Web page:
Entering the 17th Century Argonautic Alchemical Portal | Ancient Origins Members Site


Entering the 17th Century Argonautic Alchemical Portal

Entering the 17th Century Argonautic Alchemical Portal

Every proper myth and legend features a door, gateway or mirror acting as portals to other dimensions of reality. In modern mythology this component features as children venturing to ‘Narnia’ through a cupboard and Alice entering the rabbit hole to ‘Wonderland’. Historian Ashley Cowie investigates a real gateway in Italy that leads anyone who dares to interpret it, to other times and spaces, a door so exceptional that historical accounts hint of alchemists vanishing through it, never to be seen again.  Built at about 1680, as one of five entrances to the villa of Roman nobleman Massimiliano Palombara, the Porta Alchemica or ‘Alchemical Door’ is located on the Esquiline Hill, near Piazza Vittorio, Rome.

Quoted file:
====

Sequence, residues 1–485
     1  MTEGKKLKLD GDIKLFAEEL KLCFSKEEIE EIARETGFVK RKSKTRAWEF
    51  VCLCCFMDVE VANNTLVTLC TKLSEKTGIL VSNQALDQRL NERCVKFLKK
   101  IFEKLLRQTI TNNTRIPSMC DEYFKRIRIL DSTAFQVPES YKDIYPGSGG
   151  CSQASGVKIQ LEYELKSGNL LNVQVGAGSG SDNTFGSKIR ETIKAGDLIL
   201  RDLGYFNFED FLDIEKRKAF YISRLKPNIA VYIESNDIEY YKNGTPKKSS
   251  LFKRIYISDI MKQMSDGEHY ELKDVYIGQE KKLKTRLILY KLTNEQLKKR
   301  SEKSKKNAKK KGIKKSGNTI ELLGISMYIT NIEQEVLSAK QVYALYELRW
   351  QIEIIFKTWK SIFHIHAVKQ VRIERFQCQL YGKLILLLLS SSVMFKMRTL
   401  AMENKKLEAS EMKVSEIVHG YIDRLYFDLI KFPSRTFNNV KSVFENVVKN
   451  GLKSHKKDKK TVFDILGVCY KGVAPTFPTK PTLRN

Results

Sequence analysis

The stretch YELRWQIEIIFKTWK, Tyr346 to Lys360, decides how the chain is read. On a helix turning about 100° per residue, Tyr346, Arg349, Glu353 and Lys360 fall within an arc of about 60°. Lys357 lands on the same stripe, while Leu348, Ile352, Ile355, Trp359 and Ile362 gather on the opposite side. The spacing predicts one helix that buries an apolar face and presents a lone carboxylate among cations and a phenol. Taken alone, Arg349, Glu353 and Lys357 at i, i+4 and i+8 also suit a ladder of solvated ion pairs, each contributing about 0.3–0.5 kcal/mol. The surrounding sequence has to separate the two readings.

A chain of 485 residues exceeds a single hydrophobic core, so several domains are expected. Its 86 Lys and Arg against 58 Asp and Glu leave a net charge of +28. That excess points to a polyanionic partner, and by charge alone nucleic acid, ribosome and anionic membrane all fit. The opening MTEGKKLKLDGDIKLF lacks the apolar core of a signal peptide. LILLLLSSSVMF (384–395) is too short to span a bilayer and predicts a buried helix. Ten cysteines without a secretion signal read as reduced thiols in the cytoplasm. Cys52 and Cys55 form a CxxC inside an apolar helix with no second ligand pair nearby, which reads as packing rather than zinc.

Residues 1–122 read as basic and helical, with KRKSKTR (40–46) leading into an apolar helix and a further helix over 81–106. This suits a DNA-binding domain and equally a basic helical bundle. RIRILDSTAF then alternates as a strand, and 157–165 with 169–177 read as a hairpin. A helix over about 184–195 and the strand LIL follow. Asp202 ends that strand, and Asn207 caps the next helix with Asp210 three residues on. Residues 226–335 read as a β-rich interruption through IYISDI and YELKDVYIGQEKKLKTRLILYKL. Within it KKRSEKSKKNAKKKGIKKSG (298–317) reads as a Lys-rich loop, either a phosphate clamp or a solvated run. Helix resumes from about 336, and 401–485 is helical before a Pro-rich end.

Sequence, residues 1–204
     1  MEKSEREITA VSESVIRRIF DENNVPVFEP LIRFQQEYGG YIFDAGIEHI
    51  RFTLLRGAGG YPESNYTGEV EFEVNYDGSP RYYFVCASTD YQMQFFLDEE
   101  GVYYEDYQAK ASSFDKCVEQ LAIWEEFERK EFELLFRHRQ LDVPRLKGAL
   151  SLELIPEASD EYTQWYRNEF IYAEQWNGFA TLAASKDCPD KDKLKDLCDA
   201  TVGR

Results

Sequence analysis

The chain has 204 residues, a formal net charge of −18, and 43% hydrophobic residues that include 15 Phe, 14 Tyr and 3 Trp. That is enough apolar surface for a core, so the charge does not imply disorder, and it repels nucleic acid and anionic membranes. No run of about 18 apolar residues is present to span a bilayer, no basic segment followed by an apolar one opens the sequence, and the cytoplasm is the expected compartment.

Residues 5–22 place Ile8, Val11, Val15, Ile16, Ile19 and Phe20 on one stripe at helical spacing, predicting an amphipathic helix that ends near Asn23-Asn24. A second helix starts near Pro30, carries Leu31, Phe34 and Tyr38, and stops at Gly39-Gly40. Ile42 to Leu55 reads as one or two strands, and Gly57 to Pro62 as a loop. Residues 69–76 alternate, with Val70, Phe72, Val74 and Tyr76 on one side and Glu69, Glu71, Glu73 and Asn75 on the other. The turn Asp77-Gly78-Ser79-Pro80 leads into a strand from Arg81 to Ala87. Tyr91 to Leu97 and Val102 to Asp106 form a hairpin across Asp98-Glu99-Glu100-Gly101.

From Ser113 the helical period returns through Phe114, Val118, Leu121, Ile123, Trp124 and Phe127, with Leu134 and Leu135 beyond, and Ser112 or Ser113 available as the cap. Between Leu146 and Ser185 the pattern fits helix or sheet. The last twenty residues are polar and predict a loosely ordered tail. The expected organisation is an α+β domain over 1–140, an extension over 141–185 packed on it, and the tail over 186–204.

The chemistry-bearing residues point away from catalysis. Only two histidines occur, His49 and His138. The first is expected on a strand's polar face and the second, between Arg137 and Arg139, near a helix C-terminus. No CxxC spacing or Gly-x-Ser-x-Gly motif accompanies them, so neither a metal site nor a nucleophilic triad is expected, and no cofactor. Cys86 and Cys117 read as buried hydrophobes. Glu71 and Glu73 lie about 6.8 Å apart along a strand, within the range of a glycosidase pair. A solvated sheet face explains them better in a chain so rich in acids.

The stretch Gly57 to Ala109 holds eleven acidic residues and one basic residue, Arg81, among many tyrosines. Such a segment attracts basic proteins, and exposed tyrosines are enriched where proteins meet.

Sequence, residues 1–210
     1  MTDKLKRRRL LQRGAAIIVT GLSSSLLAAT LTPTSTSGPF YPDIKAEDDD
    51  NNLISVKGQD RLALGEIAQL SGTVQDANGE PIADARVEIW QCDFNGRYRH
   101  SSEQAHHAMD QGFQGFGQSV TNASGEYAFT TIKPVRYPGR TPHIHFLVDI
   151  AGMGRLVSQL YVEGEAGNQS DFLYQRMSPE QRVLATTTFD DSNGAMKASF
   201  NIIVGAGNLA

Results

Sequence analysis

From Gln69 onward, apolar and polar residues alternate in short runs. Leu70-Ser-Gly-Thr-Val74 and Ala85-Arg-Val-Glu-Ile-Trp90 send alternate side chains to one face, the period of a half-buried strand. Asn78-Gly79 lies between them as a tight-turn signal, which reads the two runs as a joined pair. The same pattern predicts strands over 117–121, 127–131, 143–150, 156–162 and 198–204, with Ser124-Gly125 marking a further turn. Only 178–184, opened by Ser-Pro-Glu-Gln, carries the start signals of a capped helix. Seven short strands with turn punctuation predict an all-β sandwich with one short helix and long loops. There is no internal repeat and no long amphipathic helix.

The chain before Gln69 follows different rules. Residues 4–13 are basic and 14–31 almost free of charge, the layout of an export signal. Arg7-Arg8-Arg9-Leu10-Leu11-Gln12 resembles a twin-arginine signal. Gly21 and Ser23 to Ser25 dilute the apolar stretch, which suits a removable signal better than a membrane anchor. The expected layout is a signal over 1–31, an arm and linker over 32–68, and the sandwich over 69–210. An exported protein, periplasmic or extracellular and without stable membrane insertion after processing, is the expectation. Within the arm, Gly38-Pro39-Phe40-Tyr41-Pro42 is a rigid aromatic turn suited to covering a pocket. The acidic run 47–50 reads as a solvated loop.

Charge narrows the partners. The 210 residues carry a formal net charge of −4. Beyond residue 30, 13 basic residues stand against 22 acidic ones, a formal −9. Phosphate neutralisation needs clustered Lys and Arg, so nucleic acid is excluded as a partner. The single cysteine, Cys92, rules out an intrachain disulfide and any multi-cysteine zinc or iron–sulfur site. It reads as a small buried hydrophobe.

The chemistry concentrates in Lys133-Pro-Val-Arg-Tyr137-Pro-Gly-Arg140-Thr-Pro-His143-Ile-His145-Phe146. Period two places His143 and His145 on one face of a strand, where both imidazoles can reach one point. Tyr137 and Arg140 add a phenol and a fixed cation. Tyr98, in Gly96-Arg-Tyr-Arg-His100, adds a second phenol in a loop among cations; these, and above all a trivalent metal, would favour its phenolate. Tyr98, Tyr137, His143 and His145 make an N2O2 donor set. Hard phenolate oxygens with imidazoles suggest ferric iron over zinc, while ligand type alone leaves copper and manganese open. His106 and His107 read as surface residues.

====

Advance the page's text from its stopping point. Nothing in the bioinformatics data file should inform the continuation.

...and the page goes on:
The Alchemist by Adriaen van Ostade (1661) (Public Domain)

Palombara, was said to have been fascinated with esoteric sciences and having great wealth and social stature, he employed several alchemists, kept company and shared conceptual ideas with the famous astronomer Domenico Cassini; the Swedish queen Christina, resident in Rome after having abdicated; and not to mention the renowned alchemical scholar, Father Athanasius Kircher. Before interpreting the alchemical symbolism of the Porta Alchemica, it is necessary to look into the background of the two myths associated with the creation of this mysterious portal to alchemical dimensions.


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